LAST MONTH, WHEN noting the number of bird festivals that take place during the year, the shorebird celebration on Grays Harbor National Wildlife Refuge, was included. The end of April brings to mind this annual event.
The shorebird migration peaks near the end of this month and the celebration will take place Friday through Sunday, April 29. When making plans to attend the festival or visit the coast to see the birds, the tides are always consulted.
It’s a rare event when the highest high tides take place during the good viewing times, i.e. during the day! A rare 10-foot tide when there is daylight delivers the most exciting viewing.
Hundreds of thousands of shorebirds try to elude the encroaching water and continue feeding. The result is very concentrated numbers. This can mean large flocks of shorebirds overhead or crowding onto any available bit of land not covered by the incoming tide.
The flocks put on an aerial performance once seen, never forgotten. They can whirl through the air as one body, turning from dark to light in moments as they flash backsides and then undersides. They rival New York’s famous Rockettes dancers with such precision flying. The theory for their fluid action suggests that each bird keys on the movements of the bird next to it. The result is one smooth wave.
Bowerman Basin, because it offers the last bit of tidal mudflats to be covered by high tide, is considered the best shorebird viewing area.
Part of the Grays Harbor National Wildlife Refuge, the Basin borders Bowerman Airport. It’s easy to find.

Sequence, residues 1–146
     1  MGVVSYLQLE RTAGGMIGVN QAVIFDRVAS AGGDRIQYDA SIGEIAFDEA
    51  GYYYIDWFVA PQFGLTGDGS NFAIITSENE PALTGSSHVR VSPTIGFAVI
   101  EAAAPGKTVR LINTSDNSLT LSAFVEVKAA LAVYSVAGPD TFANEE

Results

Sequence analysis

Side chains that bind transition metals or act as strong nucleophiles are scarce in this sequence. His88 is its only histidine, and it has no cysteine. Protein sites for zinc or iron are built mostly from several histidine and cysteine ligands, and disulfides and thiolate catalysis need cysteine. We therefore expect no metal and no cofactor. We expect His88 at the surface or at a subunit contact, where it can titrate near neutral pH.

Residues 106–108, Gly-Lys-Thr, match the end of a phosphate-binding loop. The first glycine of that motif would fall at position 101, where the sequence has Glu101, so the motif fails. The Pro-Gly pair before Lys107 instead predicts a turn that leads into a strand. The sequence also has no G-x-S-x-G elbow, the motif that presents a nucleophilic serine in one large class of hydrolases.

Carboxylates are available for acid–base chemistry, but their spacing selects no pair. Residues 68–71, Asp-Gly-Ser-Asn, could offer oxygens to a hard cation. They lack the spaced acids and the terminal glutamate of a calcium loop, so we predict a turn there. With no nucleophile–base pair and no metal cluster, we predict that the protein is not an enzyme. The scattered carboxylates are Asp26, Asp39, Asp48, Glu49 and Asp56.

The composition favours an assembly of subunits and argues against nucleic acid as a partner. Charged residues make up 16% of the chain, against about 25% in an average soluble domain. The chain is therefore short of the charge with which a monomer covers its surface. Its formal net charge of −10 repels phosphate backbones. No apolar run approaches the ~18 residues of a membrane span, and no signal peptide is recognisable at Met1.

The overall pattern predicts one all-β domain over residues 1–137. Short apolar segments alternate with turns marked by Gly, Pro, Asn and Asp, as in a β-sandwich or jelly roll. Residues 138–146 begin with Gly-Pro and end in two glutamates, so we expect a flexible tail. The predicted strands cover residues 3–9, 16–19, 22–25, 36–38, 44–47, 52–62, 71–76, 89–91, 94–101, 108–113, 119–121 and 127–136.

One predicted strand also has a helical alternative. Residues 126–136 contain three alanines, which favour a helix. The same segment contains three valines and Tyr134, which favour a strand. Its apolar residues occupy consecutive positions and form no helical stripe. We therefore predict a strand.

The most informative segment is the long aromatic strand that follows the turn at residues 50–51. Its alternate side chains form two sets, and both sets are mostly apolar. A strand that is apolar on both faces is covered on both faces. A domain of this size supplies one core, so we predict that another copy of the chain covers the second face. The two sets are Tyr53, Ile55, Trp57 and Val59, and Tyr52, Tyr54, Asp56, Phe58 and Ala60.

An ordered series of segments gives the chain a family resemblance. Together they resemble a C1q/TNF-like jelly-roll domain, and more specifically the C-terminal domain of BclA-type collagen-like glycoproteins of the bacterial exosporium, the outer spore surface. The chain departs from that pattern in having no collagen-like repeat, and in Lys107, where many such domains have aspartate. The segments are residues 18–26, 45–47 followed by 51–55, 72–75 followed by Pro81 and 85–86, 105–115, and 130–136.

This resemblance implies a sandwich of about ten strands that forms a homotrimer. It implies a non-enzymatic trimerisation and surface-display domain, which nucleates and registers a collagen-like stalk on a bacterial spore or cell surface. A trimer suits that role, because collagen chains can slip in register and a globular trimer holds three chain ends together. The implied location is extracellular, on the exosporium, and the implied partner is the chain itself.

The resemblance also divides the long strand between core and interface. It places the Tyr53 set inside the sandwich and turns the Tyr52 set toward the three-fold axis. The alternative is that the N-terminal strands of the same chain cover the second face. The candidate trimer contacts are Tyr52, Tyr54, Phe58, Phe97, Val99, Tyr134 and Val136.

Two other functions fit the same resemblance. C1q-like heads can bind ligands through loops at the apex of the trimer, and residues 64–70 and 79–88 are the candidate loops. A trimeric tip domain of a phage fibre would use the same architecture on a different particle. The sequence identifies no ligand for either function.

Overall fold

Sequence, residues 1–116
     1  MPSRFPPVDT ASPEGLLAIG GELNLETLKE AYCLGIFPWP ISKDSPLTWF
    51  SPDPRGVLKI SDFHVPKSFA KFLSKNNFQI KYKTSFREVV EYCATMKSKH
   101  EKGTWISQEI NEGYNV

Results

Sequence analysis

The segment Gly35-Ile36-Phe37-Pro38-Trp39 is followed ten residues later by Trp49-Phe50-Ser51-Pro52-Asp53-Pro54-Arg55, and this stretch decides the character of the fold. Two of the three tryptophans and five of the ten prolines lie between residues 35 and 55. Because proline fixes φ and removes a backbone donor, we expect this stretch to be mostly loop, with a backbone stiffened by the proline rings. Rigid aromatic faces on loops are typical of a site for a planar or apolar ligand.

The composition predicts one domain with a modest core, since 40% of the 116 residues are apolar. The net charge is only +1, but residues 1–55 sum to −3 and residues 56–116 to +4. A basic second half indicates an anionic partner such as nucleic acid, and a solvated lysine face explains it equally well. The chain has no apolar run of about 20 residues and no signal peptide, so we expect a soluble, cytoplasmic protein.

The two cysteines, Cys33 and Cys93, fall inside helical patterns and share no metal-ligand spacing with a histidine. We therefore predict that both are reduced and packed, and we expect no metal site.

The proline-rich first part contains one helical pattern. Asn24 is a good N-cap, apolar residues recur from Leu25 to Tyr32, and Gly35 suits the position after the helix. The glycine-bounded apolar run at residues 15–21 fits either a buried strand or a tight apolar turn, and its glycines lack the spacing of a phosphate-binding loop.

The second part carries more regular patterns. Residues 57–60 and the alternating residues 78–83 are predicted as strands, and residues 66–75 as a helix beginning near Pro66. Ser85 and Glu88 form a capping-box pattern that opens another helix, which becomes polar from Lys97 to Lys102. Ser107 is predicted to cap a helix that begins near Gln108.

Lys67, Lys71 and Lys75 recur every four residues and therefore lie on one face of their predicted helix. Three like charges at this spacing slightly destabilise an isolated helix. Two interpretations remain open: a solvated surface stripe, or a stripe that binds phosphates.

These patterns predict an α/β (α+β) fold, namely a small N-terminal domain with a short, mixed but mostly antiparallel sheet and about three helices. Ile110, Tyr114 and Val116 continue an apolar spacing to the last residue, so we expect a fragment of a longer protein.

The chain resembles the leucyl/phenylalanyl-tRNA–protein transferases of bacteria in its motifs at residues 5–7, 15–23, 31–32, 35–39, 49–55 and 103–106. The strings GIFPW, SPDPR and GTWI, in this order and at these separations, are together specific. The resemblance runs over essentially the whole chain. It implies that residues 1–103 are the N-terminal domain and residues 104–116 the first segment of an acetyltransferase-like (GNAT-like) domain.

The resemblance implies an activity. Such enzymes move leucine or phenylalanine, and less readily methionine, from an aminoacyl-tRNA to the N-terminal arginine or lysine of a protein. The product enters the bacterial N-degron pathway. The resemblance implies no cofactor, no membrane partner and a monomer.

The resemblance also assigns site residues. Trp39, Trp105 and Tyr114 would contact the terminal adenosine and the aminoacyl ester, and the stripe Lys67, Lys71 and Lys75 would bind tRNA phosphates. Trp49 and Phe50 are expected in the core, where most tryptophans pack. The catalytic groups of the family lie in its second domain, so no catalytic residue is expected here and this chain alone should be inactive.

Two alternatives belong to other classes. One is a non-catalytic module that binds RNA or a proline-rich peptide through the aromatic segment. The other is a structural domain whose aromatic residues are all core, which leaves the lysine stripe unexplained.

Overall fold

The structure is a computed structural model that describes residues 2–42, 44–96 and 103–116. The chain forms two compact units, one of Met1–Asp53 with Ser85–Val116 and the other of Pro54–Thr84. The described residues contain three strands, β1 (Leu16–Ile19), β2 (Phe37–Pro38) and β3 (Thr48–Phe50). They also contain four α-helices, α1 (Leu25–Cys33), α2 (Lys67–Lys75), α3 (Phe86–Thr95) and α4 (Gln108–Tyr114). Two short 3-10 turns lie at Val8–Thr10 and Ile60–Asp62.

As you are leaving Hoquiam, heading north toward Ocean Shores, Hoquiam High School will be on your right. Opposite the school, you see signs directing you left to the airport and the Wildlife Refuge.
If you attend the festival, on April 28 or 29, a shuttle bus to the viewing area runs continuously on Saturday and Sunday. It’s available at the school. Parking near the airport is minimal and the bus is a good way to go.
Other festival activities are happening at the high school.
The Grays Harbor Shorebird Festival Committee offers an excellent program brochure. It lists many colorful and informative events that are part of this celebration.
You can not only decide what field trips to attend, but there are maps of the area, photos of the birds that will be seen and information on places to eat or find lodging. Available online, this 20-page brochure covers it all. You can view it at: http://www.shorebirdfestival.com.
Shorebird identification can be challenging unless you are able to spend time viewing them on a weekly basis.
A little time with your field guide will enhance your visit to the coast to see this spectacle of Nature.
The large flocks that are so much fun to see are made up of the smaller shorebirds like the Western sandpipers and dunlin. Other birds to look for will be the dowitchers, (don’t try to separate the long-billed from the short-billed).
Red knots are a prize to find in some of the flocks. Greater and lesser yellowlegs can also be expected. Whimbrels, curlews and godwits are always exciting to see.
If you are familiar with our killdeer, make sure you aren’t seeing a semi-palmated plover, a small look-a-like. Keep an eye out for the hunting falcons whenever a flock of shorebirds is in the air. Both the peregrine falcon and the merlin pursue what is favorite prey for them.
Don’t forget the secret of the tides when planning a trip to view shorebirds – at the coast or on beaches closer to home.
Arrive at the viewing area two hours before high tide. The water will bring the birds to you.
Joan Carson’s column appears every Sunday. Contact her at P.O. Box 532, Poulsbo, WA 98370, with a self-addressed, stamped envelope for a reply. Email: [email protected]